This award-winning BBC production brings life, enormous appeal, and intelligence to a play criminally underperformed. It's a pleasure to watch ... and re-watch .... and re-watch.
Let's start with the fact that the production itself has been hailed far and wide for its beauty and visual precision. Director Elijah Moshinsky patterned it after paintings of Vermeer, and even though this may be unknown to the viewer, it has a remarkable subliminal impact.
Now for the cast:
Angela Down is truly the perfect Helena (the heroine of the play). She looks the part -- comely yet intellectual -- and speaks her lines with the perfect emotional fit. Most importantly, her diction and enunciation, and the speed at which she says the bard's words, make everything she says perfectly understandable and perfectly apt within that emotional fit. The viewer never has to wonder "What did she just say?" or "What does that mean?" Nonetheless the lines are fluid, musical, emotional, and very human. To me, this is the sign of a true Shakespearean actor.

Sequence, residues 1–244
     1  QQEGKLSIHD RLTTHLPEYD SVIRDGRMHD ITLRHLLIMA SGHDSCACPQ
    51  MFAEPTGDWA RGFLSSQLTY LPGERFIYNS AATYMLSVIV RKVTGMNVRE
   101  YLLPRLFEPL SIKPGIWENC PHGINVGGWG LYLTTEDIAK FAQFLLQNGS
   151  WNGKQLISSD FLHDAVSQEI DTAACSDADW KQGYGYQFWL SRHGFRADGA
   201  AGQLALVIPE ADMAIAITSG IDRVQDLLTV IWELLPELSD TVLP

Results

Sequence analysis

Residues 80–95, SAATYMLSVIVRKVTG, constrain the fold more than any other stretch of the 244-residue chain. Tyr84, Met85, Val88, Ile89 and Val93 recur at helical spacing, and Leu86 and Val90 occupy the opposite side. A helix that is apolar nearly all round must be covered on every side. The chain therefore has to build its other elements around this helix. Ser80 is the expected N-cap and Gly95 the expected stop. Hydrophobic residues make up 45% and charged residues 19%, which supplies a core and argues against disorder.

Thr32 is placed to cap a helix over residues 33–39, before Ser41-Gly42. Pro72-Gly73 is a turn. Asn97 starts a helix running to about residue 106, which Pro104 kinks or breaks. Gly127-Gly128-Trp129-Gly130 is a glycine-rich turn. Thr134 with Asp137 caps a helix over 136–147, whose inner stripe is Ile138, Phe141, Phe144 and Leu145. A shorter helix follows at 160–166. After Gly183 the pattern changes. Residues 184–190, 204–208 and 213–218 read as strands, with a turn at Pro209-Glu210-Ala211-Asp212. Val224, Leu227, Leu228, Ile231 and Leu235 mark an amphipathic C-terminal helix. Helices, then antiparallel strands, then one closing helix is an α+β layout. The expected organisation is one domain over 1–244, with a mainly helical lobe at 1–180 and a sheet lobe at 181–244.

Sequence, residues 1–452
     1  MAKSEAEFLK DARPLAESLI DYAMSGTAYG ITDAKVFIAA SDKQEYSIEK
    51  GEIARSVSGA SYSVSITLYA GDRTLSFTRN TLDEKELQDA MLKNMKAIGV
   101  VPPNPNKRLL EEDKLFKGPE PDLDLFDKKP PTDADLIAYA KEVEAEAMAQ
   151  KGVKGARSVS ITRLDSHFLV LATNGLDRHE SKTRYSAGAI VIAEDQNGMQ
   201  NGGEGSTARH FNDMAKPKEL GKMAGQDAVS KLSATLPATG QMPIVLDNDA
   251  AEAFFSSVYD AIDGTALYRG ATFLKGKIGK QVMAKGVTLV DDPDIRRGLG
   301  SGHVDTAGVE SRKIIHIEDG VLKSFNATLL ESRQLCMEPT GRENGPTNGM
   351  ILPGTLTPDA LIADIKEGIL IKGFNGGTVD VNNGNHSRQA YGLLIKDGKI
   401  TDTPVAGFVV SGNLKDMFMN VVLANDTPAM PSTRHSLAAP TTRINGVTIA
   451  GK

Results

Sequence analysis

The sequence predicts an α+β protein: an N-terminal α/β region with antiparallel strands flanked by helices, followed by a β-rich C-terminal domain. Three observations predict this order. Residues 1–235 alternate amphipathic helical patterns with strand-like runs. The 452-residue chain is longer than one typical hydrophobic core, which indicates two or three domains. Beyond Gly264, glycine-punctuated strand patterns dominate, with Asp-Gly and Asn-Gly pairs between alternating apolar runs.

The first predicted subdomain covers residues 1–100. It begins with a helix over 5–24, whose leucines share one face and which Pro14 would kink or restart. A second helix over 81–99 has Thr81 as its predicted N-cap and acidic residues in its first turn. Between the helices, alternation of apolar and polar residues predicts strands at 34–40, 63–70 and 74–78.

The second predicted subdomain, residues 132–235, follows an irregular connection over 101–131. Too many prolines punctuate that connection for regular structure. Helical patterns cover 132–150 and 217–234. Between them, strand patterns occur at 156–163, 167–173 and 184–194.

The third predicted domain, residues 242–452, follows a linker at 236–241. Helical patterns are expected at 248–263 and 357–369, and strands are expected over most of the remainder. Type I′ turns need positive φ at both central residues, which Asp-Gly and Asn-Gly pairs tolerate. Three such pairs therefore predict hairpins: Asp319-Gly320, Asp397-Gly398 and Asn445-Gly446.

Celia Johnson as the Countess Roussillon (Bertram's mother and Helena's guardian) is equally fantastic. She's a pleasure to watch and listen to. Consummate acting.
Ian Charleson as Bertram, Helena's very reluctant love object, is suitably sullen and morose, yet we see the physical beauty and the inherent charm, nobility, and charisma which attracts Helena to him. Charleson, a very internal actor, never overplays the part. To some extent he sometimes almost underplays it, occasionally speaking softly whilst his compatriots declaim more loudly or forcefully. Yet he holds our attention and fits the role very well.
The supporting cast is almost without exception quite admirable -- some remarkably so. Excellent casting, and a lot of excellent acting.
All in all, a very good production which makes the play easy to understand and enjoy.